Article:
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What Defines Pop Art

Pop art as one of the most recognizable art movements of the 20th century emerged in the late 1950s and early 1960s in Britain and the United States.


Pop Art challenged the traditional notions of art by incorporating elements of mass culture, such as advertising, comic books, celebrities, and everyday objects.


Pop art was an extension of Dadaism. Pop art and Dadaism explored some of the same subjects, however, pop art replaced the destructive, satirical, and anarchic impulses of the Dada movement with a detached affirmation of the artifacts of mass culture.


Whaam! by Roy Lichtenstein, 1963
Whaam! by Roy Lichtenstein, 1963

Pop art was a reaction and an expansion to the dominant style of abstract expressionism, which was seen as too elitist and detached from reality. Pop art artists wanted to make art more accessible, fun, and relevant to contemporary society.


Pop art is characterized by bright colors, bold shapes, and simple compositions. It often uses techniques such as collage, silkscreen printing, and appropriation to create striking images that are both familiar and ironic.


Pop art is important because it reflects the cultural and social changes that occurred in the post-war era. It also influenced many other artistic movements and genres, such as postmodernism, conceptual art, graffiti, and street art.


Pop art is still relevant today, as it inspires many contemporary artists and designers who use pop culture references in their works. Pop art also appeals to a wide audience, as it connects with their everyday experiences and emotions.


Pop art as a movement presented a challenge to traditions of fine art by including imagery from popular and mass culture, such as advertising, comic books, and mundane mass-produced objects.


Pop art utilizes found objects and images, it is similar to Dada. Pop art is considered to be one of the art movements that precede postmodern art.


Pop art uses images of popular culture in art, emphasizing the banal or kitschy elements of any culture, most often through the use of irony.


In pop art, the material is sometimes visually removed from its known context, isolated, or combined with unrelated material. It's also associated with the artists' use of mechanical means of reproduction or rendering techniques.



Pop Art Origins


Although both British and American pop art began during the 1950s, Marcel Duchamp and others in Europe like Francis Picabia and Man Ray predate the movement in utilizing "as found" cultural objects.


During the 1920s, American artists Patrick Henry Bruce, Gerald Murphy, Charles Demuth, and Stuart Davis prefigured the Pop Art movement by creating paintings that contained mundane objects culled from American commercial products and advertising design.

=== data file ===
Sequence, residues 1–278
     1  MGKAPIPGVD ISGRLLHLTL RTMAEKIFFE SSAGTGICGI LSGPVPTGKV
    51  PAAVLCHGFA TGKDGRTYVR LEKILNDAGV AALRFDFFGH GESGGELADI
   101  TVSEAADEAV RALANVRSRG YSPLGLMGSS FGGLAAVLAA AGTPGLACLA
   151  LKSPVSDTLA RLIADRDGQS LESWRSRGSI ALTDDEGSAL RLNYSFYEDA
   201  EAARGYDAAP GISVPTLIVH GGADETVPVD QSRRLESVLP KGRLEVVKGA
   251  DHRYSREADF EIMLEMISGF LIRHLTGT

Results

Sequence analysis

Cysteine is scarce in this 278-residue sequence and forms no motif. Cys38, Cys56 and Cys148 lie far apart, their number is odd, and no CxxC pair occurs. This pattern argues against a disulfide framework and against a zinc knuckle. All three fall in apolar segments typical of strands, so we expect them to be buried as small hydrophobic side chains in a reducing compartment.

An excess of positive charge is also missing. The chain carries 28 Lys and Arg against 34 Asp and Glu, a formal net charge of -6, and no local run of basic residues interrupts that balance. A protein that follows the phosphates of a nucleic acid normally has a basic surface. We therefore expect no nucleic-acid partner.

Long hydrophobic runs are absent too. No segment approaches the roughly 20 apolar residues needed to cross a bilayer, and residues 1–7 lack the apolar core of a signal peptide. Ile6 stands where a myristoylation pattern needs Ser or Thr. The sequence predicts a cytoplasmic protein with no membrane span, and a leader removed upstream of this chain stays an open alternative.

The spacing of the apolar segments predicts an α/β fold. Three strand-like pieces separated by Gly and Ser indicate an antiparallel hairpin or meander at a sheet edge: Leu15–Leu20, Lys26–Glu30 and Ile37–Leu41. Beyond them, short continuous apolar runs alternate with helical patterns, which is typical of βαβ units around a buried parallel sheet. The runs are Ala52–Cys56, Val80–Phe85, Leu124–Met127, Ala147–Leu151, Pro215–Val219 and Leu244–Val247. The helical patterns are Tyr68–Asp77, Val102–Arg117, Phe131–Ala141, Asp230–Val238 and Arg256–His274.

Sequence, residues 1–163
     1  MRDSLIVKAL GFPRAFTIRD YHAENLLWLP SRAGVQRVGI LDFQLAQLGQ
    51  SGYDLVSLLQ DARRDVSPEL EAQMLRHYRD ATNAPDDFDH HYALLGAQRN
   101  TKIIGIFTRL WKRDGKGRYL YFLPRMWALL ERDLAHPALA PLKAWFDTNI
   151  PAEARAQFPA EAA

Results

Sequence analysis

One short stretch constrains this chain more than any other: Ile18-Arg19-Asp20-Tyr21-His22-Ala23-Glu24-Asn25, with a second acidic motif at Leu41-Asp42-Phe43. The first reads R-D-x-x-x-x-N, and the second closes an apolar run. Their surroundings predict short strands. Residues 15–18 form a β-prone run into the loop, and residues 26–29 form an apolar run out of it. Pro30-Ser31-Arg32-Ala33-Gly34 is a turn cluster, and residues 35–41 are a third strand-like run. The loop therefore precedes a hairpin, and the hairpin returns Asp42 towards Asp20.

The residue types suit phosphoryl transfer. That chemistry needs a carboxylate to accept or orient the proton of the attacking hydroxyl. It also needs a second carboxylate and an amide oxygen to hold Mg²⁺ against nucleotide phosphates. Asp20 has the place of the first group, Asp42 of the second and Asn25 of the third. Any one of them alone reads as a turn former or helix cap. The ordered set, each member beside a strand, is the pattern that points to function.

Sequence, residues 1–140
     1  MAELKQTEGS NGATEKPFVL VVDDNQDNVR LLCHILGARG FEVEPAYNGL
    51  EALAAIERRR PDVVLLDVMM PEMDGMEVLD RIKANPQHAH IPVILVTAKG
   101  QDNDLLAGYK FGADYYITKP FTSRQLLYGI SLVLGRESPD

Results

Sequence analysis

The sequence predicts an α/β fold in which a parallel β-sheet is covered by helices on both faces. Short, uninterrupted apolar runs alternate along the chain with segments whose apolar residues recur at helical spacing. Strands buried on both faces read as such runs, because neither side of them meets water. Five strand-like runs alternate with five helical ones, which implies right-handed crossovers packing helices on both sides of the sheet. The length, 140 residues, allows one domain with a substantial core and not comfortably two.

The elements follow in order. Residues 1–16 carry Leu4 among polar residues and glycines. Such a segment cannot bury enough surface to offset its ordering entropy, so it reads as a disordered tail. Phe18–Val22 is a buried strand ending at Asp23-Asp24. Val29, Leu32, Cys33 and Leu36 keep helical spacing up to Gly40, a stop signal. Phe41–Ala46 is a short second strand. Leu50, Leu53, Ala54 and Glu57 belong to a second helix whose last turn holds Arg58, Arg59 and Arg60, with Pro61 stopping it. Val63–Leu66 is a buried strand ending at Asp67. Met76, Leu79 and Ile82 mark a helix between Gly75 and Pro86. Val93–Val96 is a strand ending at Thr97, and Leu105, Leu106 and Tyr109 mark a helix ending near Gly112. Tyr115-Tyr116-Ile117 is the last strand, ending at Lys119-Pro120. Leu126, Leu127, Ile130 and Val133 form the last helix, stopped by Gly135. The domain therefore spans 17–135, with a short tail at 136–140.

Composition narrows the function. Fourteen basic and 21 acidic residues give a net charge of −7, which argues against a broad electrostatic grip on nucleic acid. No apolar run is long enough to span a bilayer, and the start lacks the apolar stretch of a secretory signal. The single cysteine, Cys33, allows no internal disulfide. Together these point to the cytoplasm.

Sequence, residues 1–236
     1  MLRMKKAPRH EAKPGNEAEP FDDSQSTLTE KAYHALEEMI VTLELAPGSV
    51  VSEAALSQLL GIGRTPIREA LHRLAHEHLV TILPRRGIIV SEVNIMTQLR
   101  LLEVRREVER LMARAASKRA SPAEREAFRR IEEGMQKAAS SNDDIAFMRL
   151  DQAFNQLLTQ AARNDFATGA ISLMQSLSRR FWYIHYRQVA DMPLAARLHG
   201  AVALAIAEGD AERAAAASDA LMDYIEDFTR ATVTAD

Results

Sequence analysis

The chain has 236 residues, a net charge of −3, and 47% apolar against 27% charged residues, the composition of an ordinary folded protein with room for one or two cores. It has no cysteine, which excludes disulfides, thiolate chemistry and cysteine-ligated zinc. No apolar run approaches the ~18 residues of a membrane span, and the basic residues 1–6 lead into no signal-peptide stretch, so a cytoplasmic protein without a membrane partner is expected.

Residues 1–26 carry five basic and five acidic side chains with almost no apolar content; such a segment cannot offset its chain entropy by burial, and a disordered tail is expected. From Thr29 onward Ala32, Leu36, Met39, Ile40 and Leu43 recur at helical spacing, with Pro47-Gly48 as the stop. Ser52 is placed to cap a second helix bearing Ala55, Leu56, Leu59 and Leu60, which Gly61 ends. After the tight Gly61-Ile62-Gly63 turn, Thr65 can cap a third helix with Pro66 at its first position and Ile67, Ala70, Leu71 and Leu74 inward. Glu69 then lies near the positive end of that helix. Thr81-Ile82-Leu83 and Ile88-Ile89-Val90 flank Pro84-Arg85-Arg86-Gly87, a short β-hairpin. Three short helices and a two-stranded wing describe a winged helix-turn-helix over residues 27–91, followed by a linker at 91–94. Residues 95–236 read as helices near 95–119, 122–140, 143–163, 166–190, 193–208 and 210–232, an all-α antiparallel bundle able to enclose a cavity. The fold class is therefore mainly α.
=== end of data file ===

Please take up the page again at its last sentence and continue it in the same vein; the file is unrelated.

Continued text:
The origins of Pop art in North America developed differently from those in Great Britain. In the United States Pop artists used impersonal, mundane reality, irony, and parody

as a return to hard-edged composition and representational art.


By contrast, Pop art in post-war Britain employed irony and parody in a more academic style, actually, Early pop art in Britain was a matter of ideas fueled by American popular culture when viewed from afar.


British pop artists were inspired by the dynamic, paradoxical imagery, and powerful symbolic devices of American pop culture that were affecting whole patterns of life after World War II.


Amongst the early artists that shaped the pop art movement were Eduardo Paolozzi and Richard Hamilton in Britain, and Larry Rivers, Ray Johnson, Robert Rauschenberg, and Jasper Johns among others in the United States.


One of the collages in that presentation was Paolozzi's I Was a Rich Man's Plaything (1947), which includes the first use of the word "pop", appearing in a cloud of smoke emerging from a revolver.


The Independent Group (IG), founded in London in 1952, is regarded as the precursor to the pop art movement.


They were a gathering of young painters, sculptors, architects, writers, and critics who were challenging prevailing modernist approaches to culture as well as traditional views of fine art. Their group discussions centered on pop culture implications from elements such as mass advertising, movies, product design, comic strips, science fiction, and technology.


According to the son of John McHale, the term "pop art" was first coined by his father in 1954 in conversation with Frank Cordell, although other sources credit its origin to British critic Lawrence Alloway.


The term "popular mass culture" is often credited to British art critic/curator Lawrence Alloway for his 1958 essay titled The Arts and the Mass Media.


"Pop art" as a moniker was then used in discussions by IG members in the Second Session of the IG in 1955, and the specific term "pop art" first appeared in published print in the article "But Today We Collect Ads" by IG members Alison and Peter Smithson in Ark magazine in 1956.



Pop Art Examples


Pop art often takes imagery that is currently in use in advertising, in 1964, Warhol used the labels of Campbell's Soup Cans and the labeling on the outside of Campbell's Tomato Juice shipping box as subject matter in pop art.


Some of the most famous examples of pop art are Andy Warhol’s "Campbell’s Soup Cans1", Roy Lichtenstein’s "Whaam", and Richard Hamilton’s "Just What is it that makes today’s homes so different, so appealing? 3". These works use images from popular culture to comment on consumerism, media, and identity.


Andy Warhol Campbell’s Soup I, 1968
Andy Warhol Campbell’s Soup I, 1968


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